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U.S. Supreme Court Land Use Decision Likely Not to Have Same Impact on California as Other States

July 3, 2013
When the United States Supreme Court issued its ruling in Koontz v. St. Johns River Water Management District last week, questions arose about the nationwide effect on local land use policy and the authority to impose fees on development.
The League’s initial analysis finds that this case may not have the same impact in California as it may elsewhere because of a 1996 California Supreme Court decision in Ehrlich v. City of Culver City that applied what is known as the Nollan/Dolan standards.

Nollan v. California Coastal Commission and Dolan v. City of Tigard established that the government may not condition the approval of a land use permit on the owner giving up a portion of his/her property unless the dedications demanded of the owner are proportional to the anticipated impacts of the development. The legal terminology for this test is "nexus" and "rough proportionality."
Background on Koontz
The St. Johns River Water Management District refused to approve Mr. Koontz's request to develop a portion of his Florida wetlands property unless he paid to replace culverts on one District-owned parcel or fill in ditches on another District-owned parcel. Either of those projects would have enhanced approximately 50 acres of District-owned wetlands.  
Mr. Koontz believed that the conditions were excessive and sued under Florida state law. The Florida Supreme Court held that Nollan/Dolan did not apply because the condition required the payment of money and because the project was denied. The case ultimately made its way to the U.S. Supreme Court. The Court reversed the Florida Supreme Court’s holding and held that the Nollan/Dolan standard applies in both circumstances.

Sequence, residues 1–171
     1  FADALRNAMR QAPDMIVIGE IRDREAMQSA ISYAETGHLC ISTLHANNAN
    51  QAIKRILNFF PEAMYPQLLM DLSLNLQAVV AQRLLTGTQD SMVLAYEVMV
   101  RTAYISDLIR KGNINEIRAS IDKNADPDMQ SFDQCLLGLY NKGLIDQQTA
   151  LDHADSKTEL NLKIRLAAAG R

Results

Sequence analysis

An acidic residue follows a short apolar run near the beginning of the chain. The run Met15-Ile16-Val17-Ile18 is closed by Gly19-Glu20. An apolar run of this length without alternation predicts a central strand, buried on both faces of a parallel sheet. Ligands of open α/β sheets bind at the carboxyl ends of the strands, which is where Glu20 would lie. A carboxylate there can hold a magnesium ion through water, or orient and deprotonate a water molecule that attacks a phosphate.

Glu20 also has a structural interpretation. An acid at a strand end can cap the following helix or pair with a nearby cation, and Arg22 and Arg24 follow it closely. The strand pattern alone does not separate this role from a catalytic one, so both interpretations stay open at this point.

The Court did not dispute the District’s authority to impose a monetary condition but ruled that the District had not justified the condition under the Nollan/Dolan standard. The Court sent the case back to the District to determine if the same condition could be imposed using the stricter Nollan/Dolan standard.
Background on Ehrlich
Mr. Ehrlich wanted to build condominiums on the site of a private tennis and recreational facility. He planned to demolish the private tennis and recreational facility in order to build the condos. Culver City imposed a $280,000 recreation fee to mitigate for the loss of the recreational facilities.
The California Supreme Court in the Culver City case held that the Mitigation Fee Act (AB 1600) must be interpreted in light of the Nollan/Dolan cases. The Court said that the Nollan/Dolan standards are incorporated into AB 1600’s requirements. The Court sent the case back to Culver City so that the City could comply with AB 1600 when imposing the recreation fee on Mr. Ehrlich's development. This means that in California, when a government agency adopts or imposes a fee pursuant to the Mitigation Fee Act, the agency must comply with the Nollan/Dolan standard.
Next Steps
It remains to be seen what will happen but the League will be monitoring the issue and will report on further developments.

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